An Inconvenient Truth About Day Schools
Shira Dicker • The New York Jewish Week
A friend just called to tell me that she and her husband withdrew their daughter from Jewish day school because they could no longer afford the $30,000 yearly tuition.
An artist married to a semi-employed lawyer, my friend sounded regretful yet resolved to do what was best for her family. My response was an emphatic affirmation that she was indeed acting in the best interest of her family ... and her own sanity.
I speak from a position of great authority, having chosen the exact opposite course of action over the past 25 years.
Now that the economy has crumbled and a critical mass of people are newly broke and worried, I am inspired to “out” myself as a committed Jew who has spent the past quarter century being broke and worried, forced into a state of financial struggle and work-related stress due to the high cost (and high-priced accoutrements) of being Jewish in a major metropolitan area.
And — as has been documented in the pages of this newspaper as well as other venues — the biggest cause of this distress has been the steadily mounting price of Jewish day school, which my husband and I provided for our three children, a commitment that absolved us not of luxury items but of basic necessities.
After more than two decades of living under the cloud of financial anxiety, it comes as a huge relief to hear someone else suddenly proclaiming day school tuition unaffordable; indeed, the non-sustainability of the high-tuition Jewish day school model has become the new mantra of the Jewish community.
Yet until this moment I kept my counsel, marveling at how easily so many others seemed to be providing this basic Jewish amenity for their kids, loathe to be dubbed a kvetch or a bad Jew. Nor would I want inadequate salaries for day school educators. So I bit my tongue and signed checks. I bartered when I was able. I took on additional commitments. I deferred the dream I nurtured since childhood and pursued a professional path where I was certain to make a higher income. I put off my plan of returning to graduate school until such a time that my family would be able to do without my income, never mind the cost of my own tuition.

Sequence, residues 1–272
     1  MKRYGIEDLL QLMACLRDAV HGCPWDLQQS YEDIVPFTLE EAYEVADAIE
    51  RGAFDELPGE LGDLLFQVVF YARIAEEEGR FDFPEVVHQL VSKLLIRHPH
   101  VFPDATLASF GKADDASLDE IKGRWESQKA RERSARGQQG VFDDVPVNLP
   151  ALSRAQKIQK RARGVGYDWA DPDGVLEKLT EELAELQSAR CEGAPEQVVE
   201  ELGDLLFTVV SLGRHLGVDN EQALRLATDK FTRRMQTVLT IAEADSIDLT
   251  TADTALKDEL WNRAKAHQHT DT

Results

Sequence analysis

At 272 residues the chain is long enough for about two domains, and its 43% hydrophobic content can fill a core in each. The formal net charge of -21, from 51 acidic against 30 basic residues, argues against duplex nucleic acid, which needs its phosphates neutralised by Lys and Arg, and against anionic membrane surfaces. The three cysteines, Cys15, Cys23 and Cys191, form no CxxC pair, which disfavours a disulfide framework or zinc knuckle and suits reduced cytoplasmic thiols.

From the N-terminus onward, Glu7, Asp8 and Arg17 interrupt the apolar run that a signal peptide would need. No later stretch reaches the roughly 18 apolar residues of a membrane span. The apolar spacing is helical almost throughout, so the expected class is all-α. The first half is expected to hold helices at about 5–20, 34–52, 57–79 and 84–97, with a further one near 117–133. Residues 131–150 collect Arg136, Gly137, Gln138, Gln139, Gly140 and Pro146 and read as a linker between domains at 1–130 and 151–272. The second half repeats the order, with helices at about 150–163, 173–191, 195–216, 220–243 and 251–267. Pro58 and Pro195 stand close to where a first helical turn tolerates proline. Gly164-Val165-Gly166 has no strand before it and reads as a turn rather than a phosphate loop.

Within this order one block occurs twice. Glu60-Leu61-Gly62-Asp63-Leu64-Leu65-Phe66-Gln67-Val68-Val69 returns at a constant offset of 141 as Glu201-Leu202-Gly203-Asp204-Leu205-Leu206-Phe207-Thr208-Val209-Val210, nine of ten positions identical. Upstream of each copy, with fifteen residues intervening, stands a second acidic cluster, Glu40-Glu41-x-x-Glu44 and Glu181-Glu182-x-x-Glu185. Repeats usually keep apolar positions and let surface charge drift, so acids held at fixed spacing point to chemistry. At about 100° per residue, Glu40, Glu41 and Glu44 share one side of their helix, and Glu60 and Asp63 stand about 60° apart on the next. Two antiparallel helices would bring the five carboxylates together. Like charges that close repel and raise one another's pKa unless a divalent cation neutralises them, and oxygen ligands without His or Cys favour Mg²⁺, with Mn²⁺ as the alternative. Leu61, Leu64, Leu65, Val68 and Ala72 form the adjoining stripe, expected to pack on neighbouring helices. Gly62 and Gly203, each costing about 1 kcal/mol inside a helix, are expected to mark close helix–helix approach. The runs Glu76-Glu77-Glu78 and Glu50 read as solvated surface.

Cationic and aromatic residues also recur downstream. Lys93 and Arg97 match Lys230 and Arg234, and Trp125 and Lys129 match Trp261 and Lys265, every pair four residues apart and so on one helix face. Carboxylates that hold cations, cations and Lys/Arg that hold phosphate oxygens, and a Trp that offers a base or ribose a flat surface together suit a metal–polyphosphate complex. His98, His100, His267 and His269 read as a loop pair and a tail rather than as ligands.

Though I felt isolated, I wasn’t really alone. There were others like me and we kvetched to each other along the way. Many of us are writers or in creative yet modest-paying professions. Some of us applied for and received scholarship assistance. Until my husband and I stopped filling out the humiliating and intrusive forms several years ago, we were among that group.
But even with a few thousand dollars lopped off, the total cost of Jewish day school in New York City is astronomical. With this kind of steady expenditure over the course of six or eight or 12 years — per child—it is difficult if not impossible to save for college. Then again, conditioned to have a revolving door checking account, the trauma of college tuition often just feels like more of the same.
But the problematic price tag of Jewish education was enabled by a culture of affluence that somehow got tangled up with American Jewish identity. My unscientific observation is that this culture took root in the early ‘80s and grew wildly in the intervening decades, subverting the teaching of the Ethics of the Fathers—“Who is successful?” The answer became “He who makes tons of money and has lots of stuff.”
Within this culture of affluence, there was a distinct shame associated with financial struggle, a belief that not having enough money indicated some kind of existential failure. After a brief eternity of being a have-not in a land of haves, it is startling for me to suddenly hear the phrase, “I cannot afford...”
For the last quarter century, those who were committed yet couldn’t afford the high price of being Jewish were bullied or shamed into silence or compliance. That reality changed, nearly overnight, and I view the defection of Jewish families from the day school system as an important wake-up call, a reaction to the myth that if Jewish education is a priority, families will always find a way to finance it.
Still, I am wondering why it took so long for a simple truth to be articulated. And now that I am no longer a solitary voice keening into the night, I am emboldened to state another truth: though I am a passionate proponent of the incredible spiritual incubator that is the modern Jewish day school — indeed, my youngest son is entering ninth grade at SAR High School in Riverdale — I still do not want my own children to endure what I have when they become parents.
Because such a sacrifice leaves the taste of ashes in your mouth.
Shira Dicker is a Manhattan-based writer and publicist.